As the 1924 Immigration Act came into effect, Adolf Hitler took note. In his infamous manifesto “Mein Kampf,” he praises the United States not only for dispossessing Native Americans, enslaving blacks, and excluding Asians, but now, with the 1924 Immigration Act, finally rejecting Jews: “The racially pure and still unmixed German [Aryan] has risen to become master of the American continent, and he will remain the master, as long as he does not fall victim to racial pollution.” America had become, in Hitler’s mind, the only country in the world actively bringing to fruition the “volkish [racial] conception of the state.”
The 1924 Immigration Act also invented the category of the “illegal alien” — the term was not in use before — and established the United States Border Patrol. But that did not prevent hopeful migrants from working the system, like my great-uncle and tens of thousands of other Jews. Those who applied for visas were often rejected — from Anne Frank’s family to the Barkey family of Rhodes to the more than 900 Jewish refugees aboard the SS St. Louis. By invoking national security concerns and the rhetoric of “America First,” and with the overwhelming 67 percent support of public opinion and fears of an imagined invasion of communists and German spies, the US State Department forced the St. Louis to return to Europe in 1939; many perished in Nazi camps. After their American visa applications were rejected for eight consecutive years, and following seven years in a refugee camp in Tangier, Morocco, the Barkeys were only granted a visa to settle in Seattle in 1946 thanks to a family connection and the intervention of US congressman Hugh DeLacy. Their relatively good fortune was a major exception.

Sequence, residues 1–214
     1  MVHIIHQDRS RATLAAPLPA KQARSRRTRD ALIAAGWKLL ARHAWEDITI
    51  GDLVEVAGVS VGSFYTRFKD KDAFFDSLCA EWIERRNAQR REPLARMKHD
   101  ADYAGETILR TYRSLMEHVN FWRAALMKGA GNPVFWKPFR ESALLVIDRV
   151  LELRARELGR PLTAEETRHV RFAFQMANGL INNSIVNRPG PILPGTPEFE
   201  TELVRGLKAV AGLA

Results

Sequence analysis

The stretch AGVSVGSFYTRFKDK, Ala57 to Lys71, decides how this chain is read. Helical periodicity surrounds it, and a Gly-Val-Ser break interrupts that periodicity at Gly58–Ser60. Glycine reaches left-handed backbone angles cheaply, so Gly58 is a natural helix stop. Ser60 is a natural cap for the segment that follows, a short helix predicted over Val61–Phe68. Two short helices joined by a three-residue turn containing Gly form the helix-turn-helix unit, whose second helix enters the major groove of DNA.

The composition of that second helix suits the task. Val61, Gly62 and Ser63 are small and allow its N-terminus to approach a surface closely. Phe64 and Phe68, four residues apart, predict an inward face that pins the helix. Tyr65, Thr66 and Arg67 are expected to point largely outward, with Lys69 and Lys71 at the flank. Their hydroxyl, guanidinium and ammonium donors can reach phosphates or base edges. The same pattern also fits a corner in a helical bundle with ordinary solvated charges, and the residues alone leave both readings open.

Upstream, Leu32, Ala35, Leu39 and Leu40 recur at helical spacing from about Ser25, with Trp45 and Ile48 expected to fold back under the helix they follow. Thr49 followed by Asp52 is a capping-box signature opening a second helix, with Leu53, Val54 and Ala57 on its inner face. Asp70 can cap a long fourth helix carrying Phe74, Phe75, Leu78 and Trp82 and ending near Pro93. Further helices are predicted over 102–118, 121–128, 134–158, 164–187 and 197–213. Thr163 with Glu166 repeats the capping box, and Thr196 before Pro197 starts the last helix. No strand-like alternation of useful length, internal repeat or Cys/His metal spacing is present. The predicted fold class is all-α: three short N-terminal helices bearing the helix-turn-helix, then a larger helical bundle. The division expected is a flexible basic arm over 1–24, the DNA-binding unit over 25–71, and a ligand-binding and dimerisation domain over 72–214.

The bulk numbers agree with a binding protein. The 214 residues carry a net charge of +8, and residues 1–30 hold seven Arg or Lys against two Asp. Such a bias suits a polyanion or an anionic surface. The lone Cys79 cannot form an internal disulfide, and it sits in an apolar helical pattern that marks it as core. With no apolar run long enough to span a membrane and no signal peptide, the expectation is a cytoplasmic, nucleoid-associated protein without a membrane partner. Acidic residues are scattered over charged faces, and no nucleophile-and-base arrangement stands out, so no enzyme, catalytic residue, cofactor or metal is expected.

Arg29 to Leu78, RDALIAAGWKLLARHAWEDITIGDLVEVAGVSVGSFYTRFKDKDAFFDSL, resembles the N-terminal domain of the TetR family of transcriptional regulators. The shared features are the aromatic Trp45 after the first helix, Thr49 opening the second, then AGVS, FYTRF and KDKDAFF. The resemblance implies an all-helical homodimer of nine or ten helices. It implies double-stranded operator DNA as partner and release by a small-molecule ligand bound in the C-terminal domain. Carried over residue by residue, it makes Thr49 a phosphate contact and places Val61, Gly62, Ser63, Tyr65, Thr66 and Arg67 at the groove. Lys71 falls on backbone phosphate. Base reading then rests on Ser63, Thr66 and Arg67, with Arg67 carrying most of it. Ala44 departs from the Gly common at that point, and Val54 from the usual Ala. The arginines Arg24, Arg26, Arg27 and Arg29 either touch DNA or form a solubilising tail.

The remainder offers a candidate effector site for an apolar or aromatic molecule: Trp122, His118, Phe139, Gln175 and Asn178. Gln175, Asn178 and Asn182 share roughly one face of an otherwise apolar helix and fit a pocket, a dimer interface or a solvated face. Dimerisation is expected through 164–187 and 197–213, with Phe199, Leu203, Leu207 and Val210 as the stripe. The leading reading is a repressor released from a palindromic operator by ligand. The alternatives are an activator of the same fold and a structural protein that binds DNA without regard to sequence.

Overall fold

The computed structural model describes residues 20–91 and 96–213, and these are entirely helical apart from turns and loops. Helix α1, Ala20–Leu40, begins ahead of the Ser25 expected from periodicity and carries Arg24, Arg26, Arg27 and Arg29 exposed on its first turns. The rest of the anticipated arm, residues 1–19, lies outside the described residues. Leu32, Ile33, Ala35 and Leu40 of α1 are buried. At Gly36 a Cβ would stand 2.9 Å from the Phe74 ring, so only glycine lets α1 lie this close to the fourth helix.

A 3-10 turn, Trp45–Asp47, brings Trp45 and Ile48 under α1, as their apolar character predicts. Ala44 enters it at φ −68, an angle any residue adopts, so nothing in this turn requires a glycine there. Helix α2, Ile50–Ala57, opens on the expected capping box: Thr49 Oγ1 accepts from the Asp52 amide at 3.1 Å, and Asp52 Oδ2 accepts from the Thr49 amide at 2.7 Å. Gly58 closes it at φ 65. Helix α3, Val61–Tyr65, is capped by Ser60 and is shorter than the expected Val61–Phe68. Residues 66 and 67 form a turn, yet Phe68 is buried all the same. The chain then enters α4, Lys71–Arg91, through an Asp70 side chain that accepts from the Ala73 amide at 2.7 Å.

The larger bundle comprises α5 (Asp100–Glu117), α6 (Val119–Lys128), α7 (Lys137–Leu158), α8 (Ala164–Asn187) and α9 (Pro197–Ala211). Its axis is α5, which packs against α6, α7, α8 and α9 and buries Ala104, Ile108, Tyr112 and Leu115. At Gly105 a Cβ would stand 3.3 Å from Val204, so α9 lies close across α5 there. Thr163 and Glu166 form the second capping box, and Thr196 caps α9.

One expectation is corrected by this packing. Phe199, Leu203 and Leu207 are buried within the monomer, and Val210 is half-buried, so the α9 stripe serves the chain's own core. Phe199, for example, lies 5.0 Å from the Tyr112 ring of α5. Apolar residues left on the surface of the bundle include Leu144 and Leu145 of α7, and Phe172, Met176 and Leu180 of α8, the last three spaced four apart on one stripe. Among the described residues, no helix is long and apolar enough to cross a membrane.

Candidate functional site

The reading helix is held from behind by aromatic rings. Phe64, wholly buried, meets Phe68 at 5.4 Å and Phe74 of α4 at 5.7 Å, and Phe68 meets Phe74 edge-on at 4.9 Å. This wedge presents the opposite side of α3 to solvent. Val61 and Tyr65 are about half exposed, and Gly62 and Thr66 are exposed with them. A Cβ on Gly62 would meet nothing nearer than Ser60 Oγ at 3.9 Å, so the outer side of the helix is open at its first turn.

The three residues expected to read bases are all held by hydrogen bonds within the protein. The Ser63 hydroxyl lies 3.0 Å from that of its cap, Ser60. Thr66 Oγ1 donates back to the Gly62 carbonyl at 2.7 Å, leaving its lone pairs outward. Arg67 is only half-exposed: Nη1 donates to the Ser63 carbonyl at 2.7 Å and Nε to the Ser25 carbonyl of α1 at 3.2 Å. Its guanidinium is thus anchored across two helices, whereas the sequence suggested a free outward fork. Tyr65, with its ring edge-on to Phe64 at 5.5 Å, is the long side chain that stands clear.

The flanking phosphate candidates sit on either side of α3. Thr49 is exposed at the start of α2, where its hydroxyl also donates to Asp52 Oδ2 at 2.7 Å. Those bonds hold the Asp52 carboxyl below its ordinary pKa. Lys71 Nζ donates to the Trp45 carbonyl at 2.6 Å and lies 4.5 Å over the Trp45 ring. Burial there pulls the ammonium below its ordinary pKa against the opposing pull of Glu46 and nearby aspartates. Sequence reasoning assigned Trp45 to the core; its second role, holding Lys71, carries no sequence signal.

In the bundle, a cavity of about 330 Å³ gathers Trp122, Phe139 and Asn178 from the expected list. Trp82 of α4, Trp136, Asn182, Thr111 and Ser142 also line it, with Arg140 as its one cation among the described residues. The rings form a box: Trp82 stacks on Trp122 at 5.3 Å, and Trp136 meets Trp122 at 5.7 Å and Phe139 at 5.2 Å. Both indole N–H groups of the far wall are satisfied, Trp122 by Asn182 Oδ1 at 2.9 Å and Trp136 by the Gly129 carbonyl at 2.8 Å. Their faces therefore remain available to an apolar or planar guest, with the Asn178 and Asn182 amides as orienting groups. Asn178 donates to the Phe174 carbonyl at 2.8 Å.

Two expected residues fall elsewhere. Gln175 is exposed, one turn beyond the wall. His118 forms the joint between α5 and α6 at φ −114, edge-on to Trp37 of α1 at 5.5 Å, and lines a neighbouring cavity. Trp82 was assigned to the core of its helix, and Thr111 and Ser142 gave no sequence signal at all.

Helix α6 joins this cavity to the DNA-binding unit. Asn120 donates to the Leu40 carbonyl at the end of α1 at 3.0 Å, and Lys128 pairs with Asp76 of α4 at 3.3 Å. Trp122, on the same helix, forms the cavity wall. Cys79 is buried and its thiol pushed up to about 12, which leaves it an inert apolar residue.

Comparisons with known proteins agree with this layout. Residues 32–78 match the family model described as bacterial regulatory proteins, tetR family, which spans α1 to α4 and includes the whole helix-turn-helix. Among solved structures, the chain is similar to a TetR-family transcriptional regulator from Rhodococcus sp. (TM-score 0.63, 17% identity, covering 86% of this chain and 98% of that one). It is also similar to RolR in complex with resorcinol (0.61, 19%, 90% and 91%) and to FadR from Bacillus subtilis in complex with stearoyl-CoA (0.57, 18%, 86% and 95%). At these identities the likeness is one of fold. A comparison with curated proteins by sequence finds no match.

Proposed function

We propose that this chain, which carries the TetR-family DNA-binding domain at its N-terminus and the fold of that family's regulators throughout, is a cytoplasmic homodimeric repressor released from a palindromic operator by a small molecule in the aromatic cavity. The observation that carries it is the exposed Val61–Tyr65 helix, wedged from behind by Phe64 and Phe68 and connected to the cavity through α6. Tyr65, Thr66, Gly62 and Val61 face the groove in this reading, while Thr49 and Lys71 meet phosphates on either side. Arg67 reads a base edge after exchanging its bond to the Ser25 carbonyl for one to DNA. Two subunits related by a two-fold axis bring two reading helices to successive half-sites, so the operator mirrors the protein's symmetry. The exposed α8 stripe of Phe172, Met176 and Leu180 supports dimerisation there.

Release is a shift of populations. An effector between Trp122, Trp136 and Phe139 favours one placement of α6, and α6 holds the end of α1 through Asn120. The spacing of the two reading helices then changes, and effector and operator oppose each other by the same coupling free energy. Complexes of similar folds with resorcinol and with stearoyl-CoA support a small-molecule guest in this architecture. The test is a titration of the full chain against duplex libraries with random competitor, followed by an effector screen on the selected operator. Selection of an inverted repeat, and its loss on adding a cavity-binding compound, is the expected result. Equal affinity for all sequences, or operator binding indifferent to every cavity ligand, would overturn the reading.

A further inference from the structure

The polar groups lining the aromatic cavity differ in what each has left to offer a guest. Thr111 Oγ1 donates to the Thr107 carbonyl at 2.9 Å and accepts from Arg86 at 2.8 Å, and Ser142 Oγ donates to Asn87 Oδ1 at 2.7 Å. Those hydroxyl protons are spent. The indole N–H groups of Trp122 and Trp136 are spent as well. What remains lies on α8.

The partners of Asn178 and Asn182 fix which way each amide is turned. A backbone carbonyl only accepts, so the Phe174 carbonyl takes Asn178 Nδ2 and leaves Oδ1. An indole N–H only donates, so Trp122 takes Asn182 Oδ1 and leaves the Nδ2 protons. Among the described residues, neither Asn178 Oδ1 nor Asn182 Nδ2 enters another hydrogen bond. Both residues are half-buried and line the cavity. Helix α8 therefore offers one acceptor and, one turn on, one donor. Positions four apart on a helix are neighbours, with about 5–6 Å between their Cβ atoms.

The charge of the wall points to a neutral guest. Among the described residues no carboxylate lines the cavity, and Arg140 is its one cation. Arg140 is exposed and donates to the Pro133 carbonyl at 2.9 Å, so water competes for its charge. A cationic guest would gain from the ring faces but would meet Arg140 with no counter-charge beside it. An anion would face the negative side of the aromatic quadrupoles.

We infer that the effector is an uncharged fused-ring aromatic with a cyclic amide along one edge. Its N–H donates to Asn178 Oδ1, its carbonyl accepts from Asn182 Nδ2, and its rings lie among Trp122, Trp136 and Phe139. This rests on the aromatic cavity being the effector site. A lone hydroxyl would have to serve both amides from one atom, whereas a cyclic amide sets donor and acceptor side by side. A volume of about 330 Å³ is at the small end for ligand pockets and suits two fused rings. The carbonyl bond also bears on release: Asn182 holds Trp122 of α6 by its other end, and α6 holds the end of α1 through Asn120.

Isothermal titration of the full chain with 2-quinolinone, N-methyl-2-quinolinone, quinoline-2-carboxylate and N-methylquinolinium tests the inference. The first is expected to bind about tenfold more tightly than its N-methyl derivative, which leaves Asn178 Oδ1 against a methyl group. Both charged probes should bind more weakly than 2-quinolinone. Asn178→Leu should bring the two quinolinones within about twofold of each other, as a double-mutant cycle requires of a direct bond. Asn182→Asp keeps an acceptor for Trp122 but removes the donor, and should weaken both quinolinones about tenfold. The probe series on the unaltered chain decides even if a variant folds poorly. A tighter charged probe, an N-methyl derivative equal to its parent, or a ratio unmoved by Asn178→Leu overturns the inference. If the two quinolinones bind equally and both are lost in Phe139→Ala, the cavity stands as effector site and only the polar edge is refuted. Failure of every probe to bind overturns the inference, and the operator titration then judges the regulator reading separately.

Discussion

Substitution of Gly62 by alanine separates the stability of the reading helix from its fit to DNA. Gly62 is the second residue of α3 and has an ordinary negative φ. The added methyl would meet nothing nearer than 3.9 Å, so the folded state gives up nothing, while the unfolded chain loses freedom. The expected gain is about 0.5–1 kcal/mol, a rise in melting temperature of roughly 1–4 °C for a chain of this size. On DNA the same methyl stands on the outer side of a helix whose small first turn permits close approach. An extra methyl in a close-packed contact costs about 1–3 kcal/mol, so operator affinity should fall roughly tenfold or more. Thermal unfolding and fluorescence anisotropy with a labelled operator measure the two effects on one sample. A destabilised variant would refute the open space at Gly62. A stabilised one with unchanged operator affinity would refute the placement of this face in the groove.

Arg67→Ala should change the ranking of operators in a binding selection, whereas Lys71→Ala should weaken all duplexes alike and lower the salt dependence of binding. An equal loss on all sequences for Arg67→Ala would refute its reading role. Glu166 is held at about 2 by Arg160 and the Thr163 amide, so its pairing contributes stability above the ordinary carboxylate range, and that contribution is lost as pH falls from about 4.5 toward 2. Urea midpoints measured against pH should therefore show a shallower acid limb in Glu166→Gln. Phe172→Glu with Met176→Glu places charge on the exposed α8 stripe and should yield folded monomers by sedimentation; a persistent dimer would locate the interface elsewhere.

We may like to think that America has always been a “nation of immigrants,” but that expression only emerged during the Cold War — due to Jewish advocacy. With the encouragement of the Anti-Defamation League of B’nai B’rith, John F. Kennedy invoked the phrase for the title of his 1958 book to promote an image of America as culturally plural and open in contrast to the purportedly closed nature of Soviet society. Yet immigration exclusions based on race and nationality continued officially until 1965. Quotas never disappeared; rather, country-based and overall immigration caps remained in effect. The US Citizenship and Immigration Services’ removal of the reference to America as a “nation of immigrants” from its mission statement in 2018 symbolized a return to the more overt racism of an earlier era. The modified “Muslim Ban,” recently upheld by the US Supreme Court, signifies the recrudescence of racial and nationality quotas thinly veiled once again behind the rhetoric of national security.
In short, immigration restriction, like racism, is as American as apple pie.